Water, Socioeconomic Factors, and Human Herpesvirus 8 Infection in Ugandan Children and Their Mothers


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Abstract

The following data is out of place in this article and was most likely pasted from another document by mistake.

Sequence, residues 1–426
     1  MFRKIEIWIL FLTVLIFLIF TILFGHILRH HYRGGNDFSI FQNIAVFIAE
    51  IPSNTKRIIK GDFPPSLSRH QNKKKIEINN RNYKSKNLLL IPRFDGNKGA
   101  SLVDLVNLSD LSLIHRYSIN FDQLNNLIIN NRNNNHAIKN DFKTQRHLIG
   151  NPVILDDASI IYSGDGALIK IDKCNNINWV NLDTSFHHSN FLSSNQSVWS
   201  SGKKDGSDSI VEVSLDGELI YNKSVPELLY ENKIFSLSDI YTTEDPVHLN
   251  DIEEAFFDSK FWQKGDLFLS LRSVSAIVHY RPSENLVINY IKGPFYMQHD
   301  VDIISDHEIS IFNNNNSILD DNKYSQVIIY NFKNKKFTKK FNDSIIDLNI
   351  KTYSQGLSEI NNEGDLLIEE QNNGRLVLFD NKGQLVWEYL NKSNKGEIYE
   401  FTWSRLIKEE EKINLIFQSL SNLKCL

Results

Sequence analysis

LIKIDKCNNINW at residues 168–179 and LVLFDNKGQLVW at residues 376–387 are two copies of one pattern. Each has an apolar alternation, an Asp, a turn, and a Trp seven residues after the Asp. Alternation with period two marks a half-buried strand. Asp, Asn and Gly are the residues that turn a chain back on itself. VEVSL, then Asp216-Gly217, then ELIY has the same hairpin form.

Background:Human herpesvirus 8 (HHV-8) infection is common in sub-Saharan Africa, but its distribution is uneven. Transmission occurs during childhood within families by unclear routes.Methods:We evaluated 600 Ugandan children with sickle cell disease and their mothers for factors associated with HHV-8 seropositivity in a cross-sectional study. HHV-8 serostatus was determined using an HHV-8 K8.1 glycoprotein enzyme immunoassay. Odds ratios for seropositivity were estimated using logistic regression, and factor analysis was used to identify clustering among socioeconomic variables.Results:One hundred seventeen (21%) of 561 children and 166 (34%) of 485 mothers with definite HHV-8 serostatus were seropositive. For children, seropositivity was associated with age, mother's HHV-8 serostatus (especially for children aged 6 years or younger), lower maternal education level, mother's income, and low-status father's occupation (P < 0.05 for all). Using communal standpipe or using surface water sources were both associated with seropositivity (OR 2.70, 95% CI 0.80-9.06 and 4.02, 95% CI 1.18-13.7, respectively) as compared to using private tap water. These associations remained, albeit attenuated, after adjusting for maternal education and child's age (P = 0.08). In factor analysis, low scores on environmental and family factors, which captured household and parental characteristics, respectively, were positively associated with seropositivity (Ptrend < 0.05 for both). For mothers, HHV-8 seropositivity was significantly associated with water source and maternal income.Conclusions:HHV-8 infection in Ugandan children was associated with lower socioeconomic status and using surface water. Households with limited access to water may have less hygienic practices that increase risk for HHV-8 infection.

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